Flexibility vs. risk – Creating Security Methodologies that don’t Hold Back your Business

Flexibility vs. risk – Creating Security Methodologies that don’t Hold Back your Business

Balancing business flexibility with cybersecurity can be a somewhat overwhelming challenge, but it is increasingly important as IT and corporate leaders work in tandem to protect company data. The problem is that business and technology leaders have vastly different priorities when it comes to security, something that is underlined by a recent study from The Economist Intelligence Unit and VMware.

“Business and technology leaders have vastly different priorities when it comes to security.”

Understanding the security gap
The study found that cybersecurity ranked as the top priority among technology leaders who were polled. For business executives, it ranked ninth. This difference in how much protecting data is emphasized between corporate and technology leaders highlighting the different focal points for each group, demonstrating that the two are not well positioned to support one another effectively. Furthermore, the research indicates that most security experts are working to ramp up their defenses by taking a “defend all” approach using traditional security systems. This would mean combining firewalls with a high volume of security tools to block points of access into the system. Conversely, CEOs who are not prioritizing security will be hesitant to allocate the budget resources necessary to take this “defend all” method.

Approximately 30 percent of security professionals polled for the study said they expect their firm to face a serious cyberattack and fall victim to it during the next 90 days. That figure rises to 40 percent if the period is extended out to three years. For C-Suite executives, those figures are just 12 and 25 percent respectively. Budgets aren’t the only area where alignment between business and security professionals is problematic, the core expectations about threats being faced are vastly different.

The underlying problem in all of this is that traditional security practices often fail to deliver meaningful value to businesses. They are a high-cost investment that may prevent losses, but fail to create significant gains on their own. For business leaders, security is a cost sink that limits a company’s ability to respond to industry demands and drive innovation. Overcoming this organizational schism hinges on creating security practices that, at the least, do not detract from productivity and value creation from an end-user perspective. Flexibility is critical in achieving this goal.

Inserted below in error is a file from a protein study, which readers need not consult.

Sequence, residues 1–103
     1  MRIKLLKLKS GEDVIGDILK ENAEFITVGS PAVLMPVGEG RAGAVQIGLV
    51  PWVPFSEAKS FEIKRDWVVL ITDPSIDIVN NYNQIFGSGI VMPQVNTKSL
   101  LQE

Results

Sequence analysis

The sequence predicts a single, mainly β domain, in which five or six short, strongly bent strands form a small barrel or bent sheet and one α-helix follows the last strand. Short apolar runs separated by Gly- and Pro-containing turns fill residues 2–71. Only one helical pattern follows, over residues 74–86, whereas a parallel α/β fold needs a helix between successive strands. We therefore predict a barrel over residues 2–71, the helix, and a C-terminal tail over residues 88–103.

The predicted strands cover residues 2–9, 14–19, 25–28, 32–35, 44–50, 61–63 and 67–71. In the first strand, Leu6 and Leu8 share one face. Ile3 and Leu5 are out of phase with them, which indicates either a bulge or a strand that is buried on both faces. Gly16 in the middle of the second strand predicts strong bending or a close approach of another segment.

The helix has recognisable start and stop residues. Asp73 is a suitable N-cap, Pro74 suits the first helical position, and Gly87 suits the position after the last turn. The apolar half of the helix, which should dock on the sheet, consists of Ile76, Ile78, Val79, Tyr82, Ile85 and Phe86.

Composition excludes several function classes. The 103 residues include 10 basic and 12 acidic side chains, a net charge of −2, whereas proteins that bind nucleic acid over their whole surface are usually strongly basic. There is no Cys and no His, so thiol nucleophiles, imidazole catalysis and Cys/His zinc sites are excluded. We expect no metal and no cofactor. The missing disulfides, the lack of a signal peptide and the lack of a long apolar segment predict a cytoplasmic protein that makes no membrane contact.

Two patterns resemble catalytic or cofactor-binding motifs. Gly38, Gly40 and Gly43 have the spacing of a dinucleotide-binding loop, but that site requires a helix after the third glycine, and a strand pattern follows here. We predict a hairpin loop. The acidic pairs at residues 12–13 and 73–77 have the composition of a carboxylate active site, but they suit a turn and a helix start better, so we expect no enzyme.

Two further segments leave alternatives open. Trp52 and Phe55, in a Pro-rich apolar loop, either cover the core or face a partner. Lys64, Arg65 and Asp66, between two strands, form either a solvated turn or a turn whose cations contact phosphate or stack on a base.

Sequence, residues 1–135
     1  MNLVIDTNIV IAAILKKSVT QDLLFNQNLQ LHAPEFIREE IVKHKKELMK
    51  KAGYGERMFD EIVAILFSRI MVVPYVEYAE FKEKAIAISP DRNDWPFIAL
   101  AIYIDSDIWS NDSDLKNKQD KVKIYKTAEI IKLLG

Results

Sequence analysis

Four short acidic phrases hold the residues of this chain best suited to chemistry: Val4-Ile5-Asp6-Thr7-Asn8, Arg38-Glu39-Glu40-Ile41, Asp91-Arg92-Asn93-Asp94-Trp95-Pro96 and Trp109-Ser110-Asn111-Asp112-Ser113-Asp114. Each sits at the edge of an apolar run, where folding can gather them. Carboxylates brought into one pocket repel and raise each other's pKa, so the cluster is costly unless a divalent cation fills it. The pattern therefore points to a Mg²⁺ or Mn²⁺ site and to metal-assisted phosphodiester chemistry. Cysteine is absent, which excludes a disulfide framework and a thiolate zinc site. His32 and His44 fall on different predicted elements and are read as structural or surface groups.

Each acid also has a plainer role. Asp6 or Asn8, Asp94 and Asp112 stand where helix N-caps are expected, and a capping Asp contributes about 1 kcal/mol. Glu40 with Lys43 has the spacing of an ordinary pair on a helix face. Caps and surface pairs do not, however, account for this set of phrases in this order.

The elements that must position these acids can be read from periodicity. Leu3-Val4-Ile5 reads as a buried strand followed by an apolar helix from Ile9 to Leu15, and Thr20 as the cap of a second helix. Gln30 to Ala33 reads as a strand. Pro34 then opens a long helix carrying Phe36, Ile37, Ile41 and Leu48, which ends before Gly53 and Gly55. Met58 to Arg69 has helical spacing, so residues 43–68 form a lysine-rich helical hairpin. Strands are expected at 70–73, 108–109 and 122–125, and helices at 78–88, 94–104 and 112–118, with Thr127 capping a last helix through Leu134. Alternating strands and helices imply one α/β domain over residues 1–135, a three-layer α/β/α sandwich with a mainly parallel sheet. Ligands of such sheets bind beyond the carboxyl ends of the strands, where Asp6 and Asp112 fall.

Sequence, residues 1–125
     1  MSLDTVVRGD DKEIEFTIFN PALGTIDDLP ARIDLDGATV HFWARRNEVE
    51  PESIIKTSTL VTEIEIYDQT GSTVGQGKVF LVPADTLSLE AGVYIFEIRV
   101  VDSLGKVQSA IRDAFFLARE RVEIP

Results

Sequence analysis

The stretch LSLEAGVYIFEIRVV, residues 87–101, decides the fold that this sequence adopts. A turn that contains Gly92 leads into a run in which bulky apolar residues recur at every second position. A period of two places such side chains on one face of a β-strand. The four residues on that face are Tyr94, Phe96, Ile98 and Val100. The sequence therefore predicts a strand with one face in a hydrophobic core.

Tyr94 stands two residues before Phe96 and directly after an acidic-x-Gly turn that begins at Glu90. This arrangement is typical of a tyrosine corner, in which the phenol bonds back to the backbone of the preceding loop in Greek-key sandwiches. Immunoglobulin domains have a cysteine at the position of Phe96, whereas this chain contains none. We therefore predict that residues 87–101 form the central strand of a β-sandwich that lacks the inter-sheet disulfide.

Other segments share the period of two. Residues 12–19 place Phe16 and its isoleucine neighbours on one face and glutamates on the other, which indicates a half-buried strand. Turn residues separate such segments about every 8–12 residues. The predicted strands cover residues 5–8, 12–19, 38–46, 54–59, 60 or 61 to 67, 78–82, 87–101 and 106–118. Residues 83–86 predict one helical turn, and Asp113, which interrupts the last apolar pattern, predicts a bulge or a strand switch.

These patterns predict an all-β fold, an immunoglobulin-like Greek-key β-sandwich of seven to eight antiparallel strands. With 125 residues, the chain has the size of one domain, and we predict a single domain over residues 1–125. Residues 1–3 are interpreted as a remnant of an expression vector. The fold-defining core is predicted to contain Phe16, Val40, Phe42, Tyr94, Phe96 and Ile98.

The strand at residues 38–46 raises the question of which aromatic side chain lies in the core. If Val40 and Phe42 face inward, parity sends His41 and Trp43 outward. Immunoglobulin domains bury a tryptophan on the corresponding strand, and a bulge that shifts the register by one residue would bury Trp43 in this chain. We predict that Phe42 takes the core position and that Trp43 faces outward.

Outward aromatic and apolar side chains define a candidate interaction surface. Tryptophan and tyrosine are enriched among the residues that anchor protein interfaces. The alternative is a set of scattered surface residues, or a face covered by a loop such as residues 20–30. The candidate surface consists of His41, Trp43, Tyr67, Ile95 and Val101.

Flexibility is essential when building out security strategies.

Establishing security without limiting business flexibility
Many businesses have run into situations in which security protocols limit their ability to adjust to industry demands. This problem can take many forms, including:

  • Getting locked into specific software packages because IT teams are unable to support a shift to a new platform.
  • Being unable to integrate emerging tech capabilities, like bring-your-own-device measures, because of network security limitations.
  • Having limited app functionality because underlying database systems are based on legacy architectures and the security risk of making an update would be too great.

In all of these cases, corporate leaders face a situation in which their businesses’ ability to innovate technologically is severely hampered by the lack of an adequate security program. Building out effective data protection methodologies can actually drive growth. The key is to create security methodologies that foster a spirit of innovation without introducing risk.

Establishing security protocols that are built around flexibility depends on becoming more reactive and anticipatory within your IT department. Instead of just putting up barriers to protect data and constantly monitoring threats to make sure those barriers work, you must understand the technological implications of different technology service models and create a security framework that can support cloud, mobile and social technologies. Infrastructure management services can pay dividends in this area, as they help you identify the way both cloud and premise-based IT strategies impact your security capabilities and enact strategic data protection capabilities.



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